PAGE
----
Leoš Janáček: Osud [Fate]

Štefan Margita (Živný), Amanda Roocroft (Mila Válková), Rosalind Plowright (Mila’s Mother), Aleš Briscein (Dr Suda), Aleš Jenis (Lhotský/Verva), Owen Gilhooly (Konečný), Ailish Tynan (Miss Stuhlá), Martina Bauerová (Miss Pacovská/Součková); George Longworth (Doubek as a boy); BBC Singers, BBC Symphony Orchestra, Jiří Bělohlavek (conductor).
Royal Albert Hall, London, 21 August 2008

 

On the present occasion, it was the phenomenal virtuoso composition that is Osud that was delivered with panache and confidence by Bělohlavek and his forces. Bělohlavek had clearly lavished much attention on the score, for passages that could so easily have become jumbled, such as the complex choral opening of the final act, were models of lucidity.

Sir Charles Mackerras brought Osud to the attention of non-Czech audiences with his 1989 ground-breaking English-language Chandos recording (CHAN3029). The story is a fascinating one, featuring three main protagonists. The composer Živný has a complex relationship, and a child, with Míla. At the opening of Act One, they are estranged, and Živný has begun to compose an opera in which he therapeutically attempts to write out his jealousies and frustrations; by the end of Act One, they have effected a reconciliation. The third major character is Míla’s mother, who descends into insanity in Act Two, an act that ends in a double tragedy. The third act centres on Živný’s attempts to finish his opera (due for imminent performance). Tragedy again strikes.

Janáček’s music includes the polar extremes of unbearably poignancy and the bright-sunshine, carefree life of the opening scene (the latter set on the promenade of a spa resort). The composer’s ability to effect quicksilver emotional changes in a fraction of the blink of an eye needs equivalent quicksilver responses from the orchestra, and Bělohlavek indeed ensured that his was the case. The opera lasts around the 80-minute mark, and yet is still split into three acts (called, ‘novelesque scenes’ — the breaks between these were minimal).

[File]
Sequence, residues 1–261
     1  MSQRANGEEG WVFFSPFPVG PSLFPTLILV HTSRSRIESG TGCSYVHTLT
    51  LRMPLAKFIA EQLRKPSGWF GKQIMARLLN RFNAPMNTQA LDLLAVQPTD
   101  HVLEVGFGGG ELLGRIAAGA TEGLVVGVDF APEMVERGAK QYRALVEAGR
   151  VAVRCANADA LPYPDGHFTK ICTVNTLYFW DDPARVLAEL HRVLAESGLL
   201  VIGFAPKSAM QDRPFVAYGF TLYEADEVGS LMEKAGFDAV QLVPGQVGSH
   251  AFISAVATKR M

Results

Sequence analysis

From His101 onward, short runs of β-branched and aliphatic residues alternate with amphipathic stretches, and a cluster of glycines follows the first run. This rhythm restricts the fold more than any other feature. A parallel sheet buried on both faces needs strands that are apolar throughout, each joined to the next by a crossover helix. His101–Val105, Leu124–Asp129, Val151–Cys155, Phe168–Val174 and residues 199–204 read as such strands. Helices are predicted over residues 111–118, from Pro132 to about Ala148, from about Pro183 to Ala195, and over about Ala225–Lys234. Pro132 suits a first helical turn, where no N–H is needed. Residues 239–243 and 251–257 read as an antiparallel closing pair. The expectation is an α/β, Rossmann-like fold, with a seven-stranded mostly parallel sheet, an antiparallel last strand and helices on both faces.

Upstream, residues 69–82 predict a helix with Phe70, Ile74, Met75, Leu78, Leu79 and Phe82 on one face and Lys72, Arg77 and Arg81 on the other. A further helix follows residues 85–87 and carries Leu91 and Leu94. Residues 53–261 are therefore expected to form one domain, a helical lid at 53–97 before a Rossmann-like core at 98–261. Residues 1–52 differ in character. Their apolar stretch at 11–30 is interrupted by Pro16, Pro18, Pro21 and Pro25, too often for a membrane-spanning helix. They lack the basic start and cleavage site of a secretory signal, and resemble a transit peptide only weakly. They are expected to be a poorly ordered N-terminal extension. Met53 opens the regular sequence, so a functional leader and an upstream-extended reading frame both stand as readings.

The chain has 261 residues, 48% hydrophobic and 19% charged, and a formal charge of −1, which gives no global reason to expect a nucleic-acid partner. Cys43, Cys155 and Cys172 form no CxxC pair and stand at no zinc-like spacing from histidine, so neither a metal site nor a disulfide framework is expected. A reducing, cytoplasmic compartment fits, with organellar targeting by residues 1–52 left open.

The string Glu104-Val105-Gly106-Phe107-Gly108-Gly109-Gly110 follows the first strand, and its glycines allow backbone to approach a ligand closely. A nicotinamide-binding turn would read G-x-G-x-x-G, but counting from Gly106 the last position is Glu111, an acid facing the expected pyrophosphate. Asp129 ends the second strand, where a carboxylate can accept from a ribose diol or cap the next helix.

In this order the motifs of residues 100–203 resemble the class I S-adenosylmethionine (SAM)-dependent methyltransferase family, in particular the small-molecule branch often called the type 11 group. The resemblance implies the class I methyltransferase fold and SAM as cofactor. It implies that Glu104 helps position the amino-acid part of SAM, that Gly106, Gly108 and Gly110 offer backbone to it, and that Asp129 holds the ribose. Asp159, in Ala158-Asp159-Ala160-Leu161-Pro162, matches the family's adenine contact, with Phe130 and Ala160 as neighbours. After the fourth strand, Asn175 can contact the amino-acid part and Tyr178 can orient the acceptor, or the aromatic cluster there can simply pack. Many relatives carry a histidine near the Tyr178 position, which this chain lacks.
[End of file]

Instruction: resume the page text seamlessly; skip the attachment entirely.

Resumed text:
The soprano Amanda Roocroft, who took the essential role of Míla, was simply stunning, both visually and aurally. Her voice tone can be meltingly gorgeous, while always suggesting the youth and emotional impetuosity of her character. The (relatively) long eleventh scene of Act One is a duet between Mila and Živný, and despite Štefan Margita’s clear affinity with his role (he has actually recorded it), it was Roocroft who was the clear star. Still, Margita found a real vein of lyricism in the first scene of Act 2, coupling this with expert pitching and remarkably clean slurs.

Talking of stars, the name of Rosalind Plowright seems like a stellar blast from the past. Plowright has lost none of her hypnotic stage presence. Her voice could be huge, with a wobble that was more impressive than off-putting, a cutting edge that was never unpleasant and a delivery of the key word ‘Fatum’ that was positively spine-tingling.

There were other stars of the evening, too. Verva (baritone Aleš Jenis) gave a memorable imitation of a child’s voice, his inverted commas as he did so never in doubt, while Ailish Tynan as Miss Stuhlá confirmed the positive impressions she left after Gergiev’s Mahler Eighth Symphony at St Paul’s Cathedral recently. Aleš Briscein was a confident Dr Suda.

The chorus (BBC Singers) was impeccably drilled, as were the many soloists culled therefrom (eleven named parts, plus sundry schoolgirls and teachers).

The first part of the concert consisted of the complete set of Op. 46 Slavonic Dances by Dvořák. Infectious music, to be sure, but a sequence of eight dances in a row seemed a tad too much of a good thing, too many bon-bons in one sitting to be good for the digestion.

Colin Clarke

Send to a friend

Send a link to this article to a friend with an optional message.

Friend's Email Address: (required)

Your Email Address: (required)

Message (optional):